In G.W.Hurley’s, my nan and uncle would unleash young Rich, not yet in secondary school, for many happy hours. It was like an Aladdin’s cave for a curious mind. There, in the tiny language section – maybe two shelves at most – were these pocket-sized, blue-covered Teach Yourself books that offered windows into other worlds. Other 80s kids will know what I’m talking about – those uniform covers that bound those contemporary TY editions series together. French, German, Spanish, and more… All the subjects I’d heard the big kids studied when they went to secondary school.

Well, sifting through those happy browsing memories got me digging through some old storage boxes in the present day. I knew I still had at least a couple of those cerulean gems lying around. Sure enough, after some rummaging, Teach Yourself Finnish and Teach Yourself Maltese saw the light of day again, pristine and proudly cared for, but forgotten for some years. I’d had others formerly, too, since either passed on to friends or family, or donated to charity shops. But I had a thought:

How cool would it be to recreate a bit of those 80s language bookshelf feels?

Second-hand Language Books, 3, 2… 1!

First, I set to looking in the most obvious place: the second-hand bookshops of Edinburgh. The city is a goldmine for used books, and it seemed rude not to take advantage. Sure enough, the search threw up plenty of the bonnie blue paperbacks, some more elusive than others. You’ll not struggle to source the cyan volumes of Teach Yourself French, German, Italian or Spanish at all. It’s quirkier titles like Teach Yourself Serbo-Croat (which isn’t even really a thing any more…) and Teach Yourself Swahili that are trickier (and more expensive) to hunt down.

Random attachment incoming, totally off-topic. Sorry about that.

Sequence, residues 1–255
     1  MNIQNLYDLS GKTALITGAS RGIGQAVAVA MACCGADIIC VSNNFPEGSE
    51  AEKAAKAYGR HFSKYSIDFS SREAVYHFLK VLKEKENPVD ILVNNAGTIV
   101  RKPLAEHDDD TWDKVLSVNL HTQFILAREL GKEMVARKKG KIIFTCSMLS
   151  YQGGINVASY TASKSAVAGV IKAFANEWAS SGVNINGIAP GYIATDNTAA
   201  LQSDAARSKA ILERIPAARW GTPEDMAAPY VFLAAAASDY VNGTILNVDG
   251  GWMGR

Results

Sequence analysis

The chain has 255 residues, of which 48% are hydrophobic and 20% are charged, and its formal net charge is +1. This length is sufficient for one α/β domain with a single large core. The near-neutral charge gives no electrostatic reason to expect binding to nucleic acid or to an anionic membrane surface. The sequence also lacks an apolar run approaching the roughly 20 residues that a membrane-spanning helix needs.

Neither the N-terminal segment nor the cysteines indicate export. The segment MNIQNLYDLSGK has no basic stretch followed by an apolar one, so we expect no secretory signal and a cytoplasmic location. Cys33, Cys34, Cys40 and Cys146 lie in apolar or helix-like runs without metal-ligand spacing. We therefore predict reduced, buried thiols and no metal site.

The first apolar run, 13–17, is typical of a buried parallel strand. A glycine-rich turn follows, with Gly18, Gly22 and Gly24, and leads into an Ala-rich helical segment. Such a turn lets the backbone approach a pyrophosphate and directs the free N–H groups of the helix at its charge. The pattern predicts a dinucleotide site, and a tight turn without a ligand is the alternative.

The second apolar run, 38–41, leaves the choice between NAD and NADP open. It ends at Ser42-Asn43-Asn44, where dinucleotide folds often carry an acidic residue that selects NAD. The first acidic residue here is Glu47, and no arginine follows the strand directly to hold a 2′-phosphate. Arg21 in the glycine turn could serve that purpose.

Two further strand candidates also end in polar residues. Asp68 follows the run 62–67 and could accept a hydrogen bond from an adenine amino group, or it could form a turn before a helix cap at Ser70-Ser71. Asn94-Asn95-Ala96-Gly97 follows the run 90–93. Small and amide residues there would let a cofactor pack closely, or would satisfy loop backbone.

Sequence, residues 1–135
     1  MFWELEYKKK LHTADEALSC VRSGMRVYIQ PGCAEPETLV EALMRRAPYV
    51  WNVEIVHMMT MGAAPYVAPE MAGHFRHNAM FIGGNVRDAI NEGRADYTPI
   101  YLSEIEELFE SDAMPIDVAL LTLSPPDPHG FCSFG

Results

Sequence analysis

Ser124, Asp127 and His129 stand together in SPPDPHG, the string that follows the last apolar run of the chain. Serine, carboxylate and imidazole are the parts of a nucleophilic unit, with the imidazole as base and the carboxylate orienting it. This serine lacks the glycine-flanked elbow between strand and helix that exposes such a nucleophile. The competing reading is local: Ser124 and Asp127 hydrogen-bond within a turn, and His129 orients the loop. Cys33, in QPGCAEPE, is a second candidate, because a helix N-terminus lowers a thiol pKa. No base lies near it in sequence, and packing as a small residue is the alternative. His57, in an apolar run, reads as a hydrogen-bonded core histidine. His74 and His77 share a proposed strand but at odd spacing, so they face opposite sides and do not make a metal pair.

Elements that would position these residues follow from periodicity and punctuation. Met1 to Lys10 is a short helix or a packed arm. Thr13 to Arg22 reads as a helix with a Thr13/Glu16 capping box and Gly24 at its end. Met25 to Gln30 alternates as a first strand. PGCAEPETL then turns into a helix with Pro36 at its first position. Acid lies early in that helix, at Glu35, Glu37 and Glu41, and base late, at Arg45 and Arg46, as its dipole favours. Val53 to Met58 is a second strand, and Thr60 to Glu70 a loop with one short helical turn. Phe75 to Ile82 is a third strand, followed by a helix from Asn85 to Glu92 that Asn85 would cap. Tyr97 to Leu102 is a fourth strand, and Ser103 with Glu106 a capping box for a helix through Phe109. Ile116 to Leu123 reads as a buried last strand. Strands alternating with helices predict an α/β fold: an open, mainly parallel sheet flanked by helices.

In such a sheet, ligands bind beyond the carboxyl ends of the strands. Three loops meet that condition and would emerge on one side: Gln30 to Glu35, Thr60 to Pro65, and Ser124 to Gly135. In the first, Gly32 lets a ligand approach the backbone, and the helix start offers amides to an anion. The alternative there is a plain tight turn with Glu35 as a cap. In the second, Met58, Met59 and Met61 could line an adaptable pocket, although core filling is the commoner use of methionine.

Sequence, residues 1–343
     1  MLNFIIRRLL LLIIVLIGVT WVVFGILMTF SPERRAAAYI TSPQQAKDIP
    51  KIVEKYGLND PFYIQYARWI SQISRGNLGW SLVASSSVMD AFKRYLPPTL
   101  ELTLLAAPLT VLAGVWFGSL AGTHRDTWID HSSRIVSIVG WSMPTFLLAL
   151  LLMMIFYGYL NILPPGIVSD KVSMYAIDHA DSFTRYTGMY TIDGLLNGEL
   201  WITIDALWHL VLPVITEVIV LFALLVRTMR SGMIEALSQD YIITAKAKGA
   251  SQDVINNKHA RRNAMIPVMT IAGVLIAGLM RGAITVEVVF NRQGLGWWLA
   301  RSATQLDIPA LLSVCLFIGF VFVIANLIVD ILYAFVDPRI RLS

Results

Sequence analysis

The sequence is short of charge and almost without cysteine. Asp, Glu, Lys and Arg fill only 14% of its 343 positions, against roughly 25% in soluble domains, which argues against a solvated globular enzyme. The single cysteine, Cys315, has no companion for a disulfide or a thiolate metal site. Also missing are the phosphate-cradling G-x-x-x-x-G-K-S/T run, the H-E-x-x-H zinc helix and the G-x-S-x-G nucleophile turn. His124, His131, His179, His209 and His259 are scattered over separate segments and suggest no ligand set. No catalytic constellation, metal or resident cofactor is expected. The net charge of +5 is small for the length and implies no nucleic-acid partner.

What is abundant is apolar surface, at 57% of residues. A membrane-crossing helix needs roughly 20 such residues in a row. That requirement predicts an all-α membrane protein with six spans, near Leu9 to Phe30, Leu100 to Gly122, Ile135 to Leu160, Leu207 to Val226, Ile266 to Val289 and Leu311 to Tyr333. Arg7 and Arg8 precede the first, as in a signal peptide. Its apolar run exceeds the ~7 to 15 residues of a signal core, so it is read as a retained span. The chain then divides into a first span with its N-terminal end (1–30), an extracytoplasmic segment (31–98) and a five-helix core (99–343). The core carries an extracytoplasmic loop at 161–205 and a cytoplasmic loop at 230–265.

So, onto wider territory, and Amazon Marketplace, eBay and AbeBooks. I couldn’t believe my luck: the sites are replete with second-hand language books from multiple bulk sellers, many with free postage. And, even better:

Many are available, in great condition, for less than a couple of pounds each!

Needless to say, I started racking them up. I began with some of the familiar titles, including those I’d given away years ago. Teach Yourself Everyday Spanish, Teach Yourself Italian, Teach Yourself Modern Greek. But then, as I searched, I started coming across other lovely, nostalgic gems that I used to have and love: the Hugo In Three Months books, the old Routledge Colloquial books with the white covers, the Cassell’s Colloquial handbooks. I started adding in languages that I never studied, or want to study in the future, or have just a passing interest in. In other words, I found myself recreating the whole bookshop! And friends, it is becoming addictive. Somewhere in the process I seem to have become a book collector.

Four 1980s editions of Teach Yourself language books.

Into the blue…

Practically Speaking

In any case, as they arrived, and I excitedly leafed through them, I realised what gems they all are, especially considering the minuscule price. It turns out that the timeframe that I chose for purely nostalgic reasons – the Eighties – is a lucky pick. Older than that, and courses can be a bit too chalk ‘n’ talk for many. In other words, the style is that classical, old-fashioned, rigid presentation-plus-reproduction model. Now, I don’t mind this at all myself – in fact, I learnt a whole load of Polish that way – but it doesn’t always foster the most practical, real-world skills!

On the other hand, in the 80s, we see the focus in language learning beginning to shift to a more communicative approach. In response, TY had already started to rewrite whole sections of their language catalogue. We begin to see printed dialogues, for a start, with a focus on colloquial language. And that is generally much better suited to today’s polyglot goals. The second-hand language books of my childhood era started to treat language as a living, dynamic thing, rather that very meta way of the past of knowing about a language.

A page from the 1980s edition of Teach Yourself Italian.

No longer all chalk ‘n’ talk – the 1980s swing towards communicative language learning is reflected in more colloquial dialogues like this one in Teach Yourself Italian (1985).